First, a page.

Confronted with this ‘sincere’ request – in effect a demand from the authoritative ‘we’ of western literary opinion, sanctioned by the promise of its still qualified praise – Sarojini did indeed ‘docilely’, in Gosse's words, strive to shed the trappings of her Romantic masquerade. The new literary daughter of the west (note the fatherly solicitousness implied by Gosse's first name terms), would ‘write no more about robins and skylarks, in a landscape of our Midland counties, with the village bells somewhere in the distance’. She instead began to produce, no doubt to a great extent without cynicism, a very different type of pastiche, yet one which was ironically, and again symptomatically, another imitation of a western invention. In effect she was to recreate once more the ‘tone of the mockingbird with a vengeance’, though reverberating from a different vantage point. This would be not the west as the east due to its colonial education in the English classics believed it was to be seen, but the east as shaped by the west, represented by an eastern woman writing from the perspective of the west. In her second and third collections, The Golden Threshold (1905), and The Bird of Time: Songs of Life, Death and the Spring (1912), as Gosse goes on to write, Naidu no longer concealed ‘the exclusively Indian source of her inspiration’.6 Addressing herself to ‘emotions which are tropical and primitive’, she now became, through her western make-over, ‘fully’ native: ‘she springs from the very soil of India’. Combining technical skill learned outside ‘the magic circle’ of the Orient with inside knowledge, her poems, as Gosse says, will be found ‘as luminous in lighting up the dark places of the East as any contribution of savant or historian’.7 In her own words from a January (p.160) 1905 letter to Gosse, she now worked to ‘add my little exotic flower to the glorious garland of English verse’.8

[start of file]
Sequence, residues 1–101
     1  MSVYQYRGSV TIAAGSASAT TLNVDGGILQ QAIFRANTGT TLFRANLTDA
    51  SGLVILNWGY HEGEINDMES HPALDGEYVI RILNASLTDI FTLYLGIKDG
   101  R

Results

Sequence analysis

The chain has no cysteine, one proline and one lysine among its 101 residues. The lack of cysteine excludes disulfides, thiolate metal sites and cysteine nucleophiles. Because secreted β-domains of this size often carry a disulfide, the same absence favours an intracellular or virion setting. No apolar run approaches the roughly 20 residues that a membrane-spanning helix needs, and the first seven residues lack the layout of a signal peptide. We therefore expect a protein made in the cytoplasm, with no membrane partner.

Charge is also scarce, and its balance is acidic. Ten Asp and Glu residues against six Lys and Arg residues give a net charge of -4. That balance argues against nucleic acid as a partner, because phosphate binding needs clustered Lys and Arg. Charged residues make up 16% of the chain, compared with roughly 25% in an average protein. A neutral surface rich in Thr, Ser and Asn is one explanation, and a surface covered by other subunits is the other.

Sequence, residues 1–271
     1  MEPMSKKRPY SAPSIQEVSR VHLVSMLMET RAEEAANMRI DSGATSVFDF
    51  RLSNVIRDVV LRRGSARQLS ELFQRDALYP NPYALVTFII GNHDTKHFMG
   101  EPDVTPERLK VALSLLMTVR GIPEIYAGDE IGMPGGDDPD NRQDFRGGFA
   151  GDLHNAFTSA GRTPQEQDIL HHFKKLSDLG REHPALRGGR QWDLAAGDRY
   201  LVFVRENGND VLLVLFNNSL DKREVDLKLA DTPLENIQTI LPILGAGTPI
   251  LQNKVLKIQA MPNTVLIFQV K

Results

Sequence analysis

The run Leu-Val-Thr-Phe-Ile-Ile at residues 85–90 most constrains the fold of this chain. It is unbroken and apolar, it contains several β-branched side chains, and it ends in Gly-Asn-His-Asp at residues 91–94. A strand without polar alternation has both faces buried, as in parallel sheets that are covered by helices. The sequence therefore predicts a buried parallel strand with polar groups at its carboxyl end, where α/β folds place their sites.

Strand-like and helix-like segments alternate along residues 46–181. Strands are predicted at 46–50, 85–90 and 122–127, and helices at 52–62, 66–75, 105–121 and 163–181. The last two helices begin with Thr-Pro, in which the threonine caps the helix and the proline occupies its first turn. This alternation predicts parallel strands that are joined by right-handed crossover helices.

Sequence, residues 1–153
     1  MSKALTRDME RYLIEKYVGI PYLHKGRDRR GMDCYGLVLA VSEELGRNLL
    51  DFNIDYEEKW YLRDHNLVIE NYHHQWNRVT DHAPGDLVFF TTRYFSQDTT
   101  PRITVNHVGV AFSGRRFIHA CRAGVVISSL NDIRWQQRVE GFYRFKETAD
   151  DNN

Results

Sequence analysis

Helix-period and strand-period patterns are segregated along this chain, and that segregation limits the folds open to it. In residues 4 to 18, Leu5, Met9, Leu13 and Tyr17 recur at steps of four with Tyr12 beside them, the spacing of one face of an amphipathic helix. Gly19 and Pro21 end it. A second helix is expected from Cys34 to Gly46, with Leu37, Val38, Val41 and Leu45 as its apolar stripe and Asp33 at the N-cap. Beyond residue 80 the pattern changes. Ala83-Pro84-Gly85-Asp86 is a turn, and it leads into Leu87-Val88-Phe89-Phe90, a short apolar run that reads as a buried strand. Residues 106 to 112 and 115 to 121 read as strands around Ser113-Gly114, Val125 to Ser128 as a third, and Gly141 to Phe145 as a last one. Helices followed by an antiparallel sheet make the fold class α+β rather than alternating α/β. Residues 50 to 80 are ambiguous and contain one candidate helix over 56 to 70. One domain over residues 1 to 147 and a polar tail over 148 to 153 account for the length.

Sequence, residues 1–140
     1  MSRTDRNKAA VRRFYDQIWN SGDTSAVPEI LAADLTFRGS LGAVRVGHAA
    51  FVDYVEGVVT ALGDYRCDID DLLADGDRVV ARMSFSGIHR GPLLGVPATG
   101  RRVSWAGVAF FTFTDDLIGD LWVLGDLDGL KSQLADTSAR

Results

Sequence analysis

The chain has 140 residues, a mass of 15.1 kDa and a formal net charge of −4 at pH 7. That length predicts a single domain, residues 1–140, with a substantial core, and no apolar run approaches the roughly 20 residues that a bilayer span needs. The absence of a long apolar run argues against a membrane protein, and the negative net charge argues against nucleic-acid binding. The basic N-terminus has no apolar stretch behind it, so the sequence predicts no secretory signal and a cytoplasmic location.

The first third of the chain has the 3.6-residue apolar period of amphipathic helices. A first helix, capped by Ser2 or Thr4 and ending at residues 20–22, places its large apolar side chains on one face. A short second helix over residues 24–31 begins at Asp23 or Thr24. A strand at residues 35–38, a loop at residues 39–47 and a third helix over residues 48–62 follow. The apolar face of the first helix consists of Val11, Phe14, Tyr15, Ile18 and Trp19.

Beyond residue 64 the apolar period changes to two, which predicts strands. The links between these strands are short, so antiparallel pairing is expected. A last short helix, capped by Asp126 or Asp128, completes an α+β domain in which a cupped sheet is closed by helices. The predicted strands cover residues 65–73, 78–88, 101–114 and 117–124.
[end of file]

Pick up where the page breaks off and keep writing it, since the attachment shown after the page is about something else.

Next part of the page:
The bizarre and disturbing force of Naidu's ventriloquism is a fascinating instance of the double-voiced as well as doubled colonial mimicry of a European aesthetic. It is amply demonstrated, for example, in the decorative and fatalistic effects, and exotic details of spice and veil and champak threaded through The Bird of Time collection. Her complicated mimicry is worth an extended study in itself, and is probably only fully heard in juxtaposition, when her poetry is read side-by-side with an awareness of her career as a nationalist activist, her involvement in passive resistance and her rhetoric urging a ‘battle’ for India (see chapter 4).9 This rhetoric increased in force and focus across the 1910s till, with the coming of civil disobedience in the early 1920s, her poetic voice, disabled perhaps by its bad faith or split identification, fell completely away. What I am interested in here, however, is not so much Naidu's response as such, as the orientalising and implicitly coercive terms of Gosse's critical appreciation. These terms were echoed in the praise she received from other European admirers, including Yeats, and the influential symbolist critic Arthur Symons, who appreciated in particular the sinuous sensualisms not only of her work, but of her physical presence clad in ‘clinging dresses of Eastern silk’. As Symons rather barefacedly wrote: ‘Through that soul I seemed to touch and take hold upon the East’.10 For him, Naidu's prose as well as poetry appeared as sensation embodied, vehemently sincere, ‘un-English, Oriental’ in feeling even though English in structure.